Amhed’s Pixxel is an Indian space data company, building a constellation of hyperspectral earth-imaging satellites and the analytical tools to mine insights from that data. Their satellites have reached orbit riding atop SpaceX and Indian Space Research Organisation (ISRO) rockets.

Before starting Pixxel in the final year of college at BITS Pilani, Ahmed was part of an all-India “group of ragtag students” competing in the Hyperloop Pod Competition 2017. He was only in his second year of college at the time, he said.

The Indian team “with absolutely no experience of building anything close to resembling a hyperloop pod or near it” was among the 20 finalists picked from approximately 2,500 participants from around the world.

They were able to “ship a manufactured pod to Los Angeles just in time for the competition weekend” and, thereafter, meet with Musk and the team at the SpaceX headquarters in Hawthorne, California.

In another effort, they did much better as “Hyperloop India” in the Hyperloop One Global Challenge, involving — that’s right — the hyperloop company that is now shutting down.

The team had proposed to design a hyperloop corridor in India, connecting Mumbai, Bengaluru, and Chennai, as well as other trade hubs along the way.

Ahmed wrote in his blog post that their idea was to begin with a cargo-only hyperloop, cutting down “the oceanic transit time from Mumbai to Chennai to just a few hours through an inland hyperloop route,” and then move to passenger transport after the safety standards were met, public confidence was higher, and regulatory approvals were received.

Writing about the bleak future now starting at the hyperloop technology, the Pixxel chief wrote: “The hyperloop promised a future with a leap in speed and efficiency that current technology and infrastructure just aren’t prepared to support. Willingness to invest heavily in an unproven system is a hard sell when cheaper, proven alternatives exist.”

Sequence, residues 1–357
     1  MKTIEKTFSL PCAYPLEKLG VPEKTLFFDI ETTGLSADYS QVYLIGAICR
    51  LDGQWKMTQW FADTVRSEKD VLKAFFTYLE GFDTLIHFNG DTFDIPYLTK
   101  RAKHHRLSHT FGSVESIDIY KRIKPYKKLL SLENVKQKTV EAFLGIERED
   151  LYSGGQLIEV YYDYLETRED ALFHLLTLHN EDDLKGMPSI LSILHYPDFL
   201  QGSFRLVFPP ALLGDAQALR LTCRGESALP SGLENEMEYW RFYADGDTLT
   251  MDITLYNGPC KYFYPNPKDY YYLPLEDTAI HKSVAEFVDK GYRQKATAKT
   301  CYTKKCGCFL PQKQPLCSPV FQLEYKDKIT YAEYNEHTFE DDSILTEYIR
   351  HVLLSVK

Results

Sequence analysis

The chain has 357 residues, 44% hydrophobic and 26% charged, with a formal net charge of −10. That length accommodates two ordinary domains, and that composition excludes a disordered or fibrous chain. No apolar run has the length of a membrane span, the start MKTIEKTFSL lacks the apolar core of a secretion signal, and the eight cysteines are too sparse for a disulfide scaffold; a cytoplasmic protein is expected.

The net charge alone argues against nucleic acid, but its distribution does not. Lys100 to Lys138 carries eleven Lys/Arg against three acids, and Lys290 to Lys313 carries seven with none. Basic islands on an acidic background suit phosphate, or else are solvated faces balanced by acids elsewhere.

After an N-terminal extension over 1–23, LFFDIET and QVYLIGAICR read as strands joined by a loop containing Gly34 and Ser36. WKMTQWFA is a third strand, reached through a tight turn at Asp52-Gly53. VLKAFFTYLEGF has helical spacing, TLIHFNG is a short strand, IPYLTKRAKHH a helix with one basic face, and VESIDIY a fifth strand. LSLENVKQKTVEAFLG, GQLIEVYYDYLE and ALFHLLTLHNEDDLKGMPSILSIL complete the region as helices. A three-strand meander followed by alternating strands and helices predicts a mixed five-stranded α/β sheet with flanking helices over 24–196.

Perhaps, it’s a technology to wonder about, but not make. “…sometimes cool technology is just that – cool technology that might not come to fruition or be useful in the real world,” he wrote, recalling lessons learnt, but also that “people should work on cool tech regardless of if it seems economically possible or not.”

The challenges with implementing a hyperloop system — even beyond the technology side of things, which is the most important part — seem insurmountable.

An entire infrastructure — tubes, tunnels, pillars, stations, land, all while preserving the ecology, and with the cost of it all — needs to be created only to make hyperloop transportation a reality, let alone make it work effectively.

Still, some are admirably trying to make it all work. The Bloomberg report named Hardt Hyperloop, Hyperloop Transportation Technologies, and Swisspod Technologies as some examples.

Will the “futuristic” transportation technology ever meet us in the present?

“The thing about Hyperloop is that it does not exist until it actually exists,” Giegel told journalist Ryan Bradley in 2016 (story in MIT Technology Review). Seven years later, it’s the same story — and might end up being an enduring one.